Graduate Certificate in the Non-Profit Sector

The Graduate Certificate in the Nonprofit Sector offered by the Department of Sociology and Anthropology is designed for college graduates who wish to understand the role and operation of nonprofit organizations. The certificate is awarded by UMBC and has been approved by the Maryland Higher Education Commission.

The four courses in the certificate program provide an understanding of the roles of nonprofit organizations in American society, their methods of operation, research methods used to evaluate nonprofit programs, and substantive areas in which many nonprofits provide services.

Program Features

  • Students may begin the program in the fall or spring semester
  • Open to students with a bachelor's degree in any undergraduate major
  • Courses may be applied to the Master of Arts program in Applied Sociology if admitted
  • Evening courses one day per week, Monday through Thursday, 4:30-7:00pm or 7:10-9:40pm

Admission Requirements

  • Bachelor's degree from an accredited institution
  • Overall GPA of 3.0 (on 4 point scale) or appropriate work experience
  • GREs are not required
  • New students: Apply here. Students already in a graduate program at UMBC should apply here.
  • November 15 is the deadline for spring admission (October 15 for best consideration) and June 1 for fall admission (April 1 for best consideration).

Program Requirements

A total of four courses are required to complete the certificate program. A prerequisite for all courses is admission to the certificate program or the M.A. program in Applied Sociology. Other prerequisites may apply for individual courses. At least three courses must be designated Sociology courses. At least three courses must be taken at UMBC.

Required Courses

SOCY 681: The Social and Institutional Roles of Nonprofit Organizations in American Society. [3] This course describes the history, organization, and functions of nonprofit organizations in American society. Topics include the functions of the nonprofit, government, and for-profit sectors; the history of the social roles of volunteerism and nonprofit organizations; the impact of nonprofit organizations on American society, and the changing roles of the three sectors in the 21st century. Prerequisite: admission to certificate or graduate program. This course is offered in the fall semester.

SOCY 685: Structure and Function of Nonprofit Organizations. [3] This course analyzes the internal operations of nonprofit organizations and external relationships that nonprofit organizations need to develop. Topics include nonprofit financial systems, budgeting requirements, relationships with the funding community, interactions with government, and effective use of human resources. Prerequisite: admission to certificate or graduate program. This course is offered in the spring semester.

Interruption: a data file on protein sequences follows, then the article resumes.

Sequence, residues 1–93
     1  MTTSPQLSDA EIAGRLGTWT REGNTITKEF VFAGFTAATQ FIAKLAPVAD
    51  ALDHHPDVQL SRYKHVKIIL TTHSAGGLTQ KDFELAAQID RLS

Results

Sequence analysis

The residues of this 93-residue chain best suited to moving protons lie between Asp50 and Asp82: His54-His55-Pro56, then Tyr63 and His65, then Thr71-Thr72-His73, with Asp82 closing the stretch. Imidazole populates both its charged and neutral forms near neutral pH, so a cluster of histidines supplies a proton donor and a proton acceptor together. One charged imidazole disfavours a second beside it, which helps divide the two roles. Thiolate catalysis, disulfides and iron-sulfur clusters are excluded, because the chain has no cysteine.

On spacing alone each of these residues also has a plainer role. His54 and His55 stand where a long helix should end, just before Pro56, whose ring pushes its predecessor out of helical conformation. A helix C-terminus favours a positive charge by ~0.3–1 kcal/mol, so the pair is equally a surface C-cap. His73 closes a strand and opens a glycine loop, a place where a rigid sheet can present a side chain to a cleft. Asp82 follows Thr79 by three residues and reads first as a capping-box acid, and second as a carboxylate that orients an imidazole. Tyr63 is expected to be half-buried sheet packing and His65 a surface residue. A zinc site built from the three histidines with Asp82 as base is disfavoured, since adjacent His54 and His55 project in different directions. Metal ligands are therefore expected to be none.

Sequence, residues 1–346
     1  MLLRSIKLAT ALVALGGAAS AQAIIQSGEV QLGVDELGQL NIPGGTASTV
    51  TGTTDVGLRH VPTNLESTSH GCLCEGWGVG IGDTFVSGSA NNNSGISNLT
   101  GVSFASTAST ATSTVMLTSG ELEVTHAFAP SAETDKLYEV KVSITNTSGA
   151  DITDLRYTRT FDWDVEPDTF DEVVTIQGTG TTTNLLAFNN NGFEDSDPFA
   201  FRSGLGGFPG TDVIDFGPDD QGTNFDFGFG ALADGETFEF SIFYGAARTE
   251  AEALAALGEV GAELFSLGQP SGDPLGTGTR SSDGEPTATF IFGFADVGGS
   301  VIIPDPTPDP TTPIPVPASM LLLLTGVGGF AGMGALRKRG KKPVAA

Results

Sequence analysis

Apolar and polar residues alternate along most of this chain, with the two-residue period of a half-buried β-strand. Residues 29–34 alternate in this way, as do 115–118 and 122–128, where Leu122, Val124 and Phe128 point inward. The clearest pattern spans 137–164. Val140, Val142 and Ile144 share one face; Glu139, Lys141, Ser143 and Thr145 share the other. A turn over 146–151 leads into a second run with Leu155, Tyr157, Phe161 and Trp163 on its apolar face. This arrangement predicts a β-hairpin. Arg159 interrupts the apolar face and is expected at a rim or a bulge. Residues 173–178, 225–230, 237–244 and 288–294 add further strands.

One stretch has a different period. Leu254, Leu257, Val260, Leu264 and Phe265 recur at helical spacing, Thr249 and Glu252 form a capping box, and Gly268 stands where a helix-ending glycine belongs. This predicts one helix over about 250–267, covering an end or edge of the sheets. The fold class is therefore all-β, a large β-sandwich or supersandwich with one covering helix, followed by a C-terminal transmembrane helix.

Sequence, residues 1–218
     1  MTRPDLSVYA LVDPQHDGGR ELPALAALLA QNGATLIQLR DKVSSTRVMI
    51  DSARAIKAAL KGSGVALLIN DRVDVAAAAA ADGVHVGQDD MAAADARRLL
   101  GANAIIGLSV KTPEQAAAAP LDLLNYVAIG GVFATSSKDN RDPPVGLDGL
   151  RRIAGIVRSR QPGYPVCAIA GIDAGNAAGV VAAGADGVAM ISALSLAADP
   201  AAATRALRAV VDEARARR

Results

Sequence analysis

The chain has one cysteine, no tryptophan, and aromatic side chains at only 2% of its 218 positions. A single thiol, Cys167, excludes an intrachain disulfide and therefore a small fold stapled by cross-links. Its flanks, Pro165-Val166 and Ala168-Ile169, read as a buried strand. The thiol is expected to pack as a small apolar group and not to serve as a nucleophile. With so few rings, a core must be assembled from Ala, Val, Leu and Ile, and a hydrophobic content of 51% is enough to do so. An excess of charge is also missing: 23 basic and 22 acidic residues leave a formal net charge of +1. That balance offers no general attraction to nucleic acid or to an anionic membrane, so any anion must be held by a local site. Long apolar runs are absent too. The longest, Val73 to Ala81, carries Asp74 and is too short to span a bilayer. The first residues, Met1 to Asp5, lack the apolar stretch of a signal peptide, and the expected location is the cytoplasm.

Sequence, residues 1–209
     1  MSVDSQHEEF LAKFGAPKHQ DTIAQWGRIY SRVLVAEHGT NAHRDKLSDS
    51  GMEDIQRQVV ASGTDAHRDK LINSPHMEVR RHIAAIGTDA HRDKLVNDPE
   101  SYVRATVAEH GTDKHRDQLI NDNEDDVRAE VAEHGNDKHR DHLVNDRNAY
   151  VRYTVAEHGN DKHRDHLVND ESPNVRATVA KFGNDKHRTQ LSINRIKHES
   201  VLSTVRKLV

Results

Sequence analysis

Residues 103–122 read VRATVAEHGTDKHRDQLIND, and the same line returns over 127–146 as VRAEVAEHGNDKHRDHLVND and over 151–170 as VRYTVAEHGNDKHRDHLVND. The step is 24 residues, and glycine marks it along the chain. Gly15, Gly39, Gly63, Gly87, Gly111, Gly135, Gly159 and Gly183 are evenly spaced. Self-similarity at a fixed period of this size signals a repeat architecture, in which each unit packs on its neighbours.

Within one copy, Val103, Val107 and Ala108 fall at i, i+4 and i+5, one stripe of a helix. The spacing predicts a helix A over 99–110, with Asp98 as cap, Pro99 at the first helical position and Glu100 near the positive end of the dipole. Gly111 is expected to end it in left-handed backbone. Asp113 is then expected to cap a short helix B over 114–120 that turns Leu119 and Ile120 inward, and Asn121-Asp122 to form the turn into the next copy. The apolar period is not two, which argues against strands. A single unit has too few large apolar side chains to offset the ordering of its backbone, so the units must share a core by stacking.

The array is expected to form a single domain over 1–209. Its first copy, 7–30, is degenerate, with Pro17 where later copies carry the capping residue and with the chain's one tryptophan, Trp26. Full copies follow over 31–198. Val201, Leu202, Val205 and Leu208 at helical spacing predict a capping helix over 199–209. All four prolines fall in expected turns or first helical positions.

Additional Course Requirements

One three credit graduate course in social research methods or statistics (choose one):

  • SOCY 600: Research Methodology [3]
    Prerequisite: An undergraduate course in statistics in any department in any college.
  • SOCY 604: Statistical Analysis [3]
    Prerequisite: SOCY 600
  • SOCY 618: SAS for Social Scientists [3]
  • SOCY 619: Qualitative Methods in Social Research [3]

One three credit graduate course in a substantive area of sociology or other relevant discipline. All sociology graduate courses in substantive areas of sociology qualify. The Graduate Program Director may accept courses in other departments upon a written request from the student.

Master of Arts in Applied Sociology

Students completing the Nonprofit Sector certificate can apply to the M.A. program in Applied Sociology at any time and, if admitted, may count the certificate courses toward the M.A. degree. The M.A. program prepares students for careers in research and program development and evaluation in the social aspects of health, aging, and selected areas of inequality, diversity, gender, and culture, as well as applied research methods. It is open to full-time and part-time students and all courses are offered one evening each week, Monday through Thursday, at 4:30-7:00pm and 7:10-9:40pm. Students can enter the program in the fall or spring semester. The program is 10 courses, and a full-time course load is three courses per semester. Part-time students take one or two courses per semester. Admission requirements include an undergraduate GPA of 3.0 and GRE scores. A full description of the program is available here.

For more details, contact Dr. John Schumacher, Graduate Program Director, at 410-455-3184 or at